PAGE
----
Fact: There are other risks, particularly if your system has become infected with a virus or compromised by a Trojan Horse (e.g., Back Orifice). Other services may still present risks. For more information on computer security issues, see the CERT Coordination Center.
Fiction: Changing your Workgroup can keep you safe.
Fact: Your computer can still be seen easily with the necessary tools.
Fiction: Hidden shares can keep you safe.
Fact: So-called "hidden" shares (where the last character in the share name is "$"; e.g., "MYPRINTER$") are not really hidden -- they can be seen easily with the necessary tools.

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What Ports are Open

See also "Check Your Security" in the main Navas Cable Modem/DSL Tuning GuideTM.

A TCP or UDP "port" is a specific numeric address (in the range 0-65535) that is used for particular network connections between two computers. Certain "well-known ports" are used for popular network services like HTTP (the protocol of the World Wide Web), FTP (file transfer protocol), mail, news, etc. NetBIOS over TCP/IP uses ports 137-139.

Under Windows 95/98/NT/2000, a number of utilities are available to monitor the status of both TCP/IP and NetBIOS, including:

NBTSTAT (NetBIOS over TCP/IP Statistics)
Useful options include:
-n Lists your NetBIOS names.
-s Lists your current NetBIOS sessions.
-? Displays help on options.
NETSTAT (Network Statistics)
Useful options include:
-a Displays all listening ports and active connections.
-n Displays addresses and port numbers in numerical form.
-? Displays help on options.
NET (Network command)
Useful NET commands include:
VIEW Lists available computers with NetBIOS support.
VIEW \\computername Lists visible shares for specific computer computername.
HELP Displays help on commands.

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NetBIOS Abuse by Scour

Updates:

Exposed NetBIOS shares are at risk not only from from malicious crackers, but also from supposedly legitimate entities. A particularly bad example is Scour. Without notice or authorization, Scour deliberately scans Internet addresses looking for certain types of exposed NetBIOS Shares, adding those it finds to its publicly accessible catalog. (Although Scour implies that it does so only after you "join," it also scans addresses that have not "joined.")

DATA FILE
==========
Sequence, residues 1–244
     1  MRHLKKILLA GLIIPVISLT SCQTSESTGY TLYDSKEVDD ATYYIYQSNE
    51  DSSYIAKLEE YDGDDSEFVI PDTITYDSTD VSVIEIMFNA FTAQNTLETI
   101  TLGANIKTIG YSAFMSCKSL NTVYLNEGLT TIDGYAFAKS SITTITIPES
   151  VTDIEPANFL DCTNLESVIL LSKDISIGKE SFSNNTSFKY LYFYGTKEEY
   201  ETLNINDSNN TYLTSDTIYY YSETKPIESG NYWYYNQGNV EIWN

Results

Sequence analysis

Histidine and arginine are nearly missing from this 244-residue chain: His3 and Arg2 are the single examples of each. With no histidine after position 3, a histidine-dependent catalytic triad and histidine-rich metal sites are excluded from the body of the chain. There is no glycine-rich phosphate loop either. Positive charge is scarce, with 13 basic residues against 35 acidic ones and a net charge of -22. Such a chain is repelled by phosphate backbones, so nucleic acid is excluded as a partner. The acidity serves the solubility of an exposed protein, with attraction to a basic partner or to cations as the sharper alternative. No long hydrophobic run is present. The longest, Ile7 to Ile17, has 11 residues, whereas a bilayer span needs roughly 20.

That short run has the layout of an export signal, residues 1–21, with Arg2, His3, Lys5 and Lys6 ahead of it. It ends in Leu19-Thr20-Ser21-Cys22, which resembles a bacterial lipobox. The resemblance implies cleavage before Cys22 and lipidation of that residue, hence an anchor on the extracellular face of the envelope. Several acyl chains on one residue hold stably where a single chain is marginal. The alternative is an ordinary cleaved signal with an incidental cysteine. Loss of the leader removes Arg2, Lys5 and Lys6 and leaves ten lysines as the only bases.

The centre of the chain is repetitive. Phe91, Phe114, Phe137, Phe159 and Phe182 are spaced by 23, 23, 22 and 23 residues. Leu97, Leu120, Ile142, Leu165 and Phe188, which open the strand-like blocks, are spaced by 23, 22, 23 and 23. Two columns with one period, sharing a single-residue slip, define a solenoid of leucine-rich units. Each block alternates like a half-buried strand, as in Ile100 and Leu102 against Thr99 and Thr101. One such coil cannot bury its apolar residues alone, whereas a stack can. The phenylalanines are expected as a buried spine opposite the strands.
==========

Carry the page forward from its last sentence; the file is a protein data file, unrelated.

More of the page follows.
Scour has been known to scan from these blocks of network addresses:

You may to block access from Scour with a firewall rule (recommended). Direct complaints about Scour to:

(A polite complaint tends to get better results than a demanding one.)

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Increasing NetBIOS Security with Scope ID

If you need or want to run NetBIOS File and Printer Sharing over TCP/IP, a strong Scope ID is a good way to protect against outside intrusion. This is because computers running NetBIOS over TCP/IP with Scope ID are invisible to other computers that do not have the same Scope ID. (Scope ID is not set by default, so normally such computers are visible to everyone.) Think of Scope ID as a kind of overall NetBIOS protection that hides the lock if you don't have the right key. Scope ID even prevents the Microsoft Windows 95/98/Me Share Level Password Vulnerability (bugtraq 1780).

Information on setting Scope ID:

For an excellent assessment of NetBIOS security issues, and the use of Scope ID as a defense, see "CIFS: Common Insecurities Fail Scrutiny" (also available at <http://www.ussrback.com/docs/cifs.txt>) .

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Shields UP!TM

It is not the normal practice of this site to criticize other sites; however, Shields UP!TM is spreading a great deal of dangerous misinformation on the risks of Microsoft Networking:

For alternatives to Shields UP!TM, see "Check Your Security" in the main Navas Cable Modem/DSL Tuning GuideTM.

Notes:

  1. You will pass Shields UP!TM "Test My Shields" if you set a (strong) Scope ID, or if you completely disable NetBIOS over TCP/IP.
  2. Even assuming 100 trials per second, and that an attacker would know what kind of attack to use, cracking a simple two-word password (e.g., "rocktowel") with a minimal (64K) dictionary-based approach would take on the order of a year or more of continuous non-stop attack (probably much more). Long before then the attacker will almost certainly give up and move on, because there are easier and more productive fish to fry.
  3. Steve Gibson (self-proclaimed security guru behind Shields UP!TM) is also spreading a great deal of hysteria over raw socket functionality in Microsoft Windows XP. For rebuttal to this hysteria, see:
    1. "Security geek developing WinXP raw socket exploit" (The Register)
    2. "Microsoft rebuts XP Net instability claims" (The Register)
    3. "Hostile Code, not the Windows XP Socket Implementation, is the Real Security Threat" (Microsoft)
    4. "Steve Gibson really is off his rocker" (The Register)
    5. "Code Red Tribulation is nigh, Steve Gibson warns" (The Register)
    6. "To put it simply: 'no'" (Vmyths.com)
    7. See also:
      1. "Unmasking Steve Gibson" (radsoft.net)
      2. The Steve Gibson Saga (Vmyths.com)
  4. Shields UP!TM is not the only case of hysteria from Steve Gibson. He got his start by promulgating the myth that "hard disks die" due to degradation of magnetic patterns. He profited from the myth by selling SpinRite, a program claimed to fix the alleged problem. (more details)

("Shields UP!" is a claimed trademark of Gibson Research Corporation.)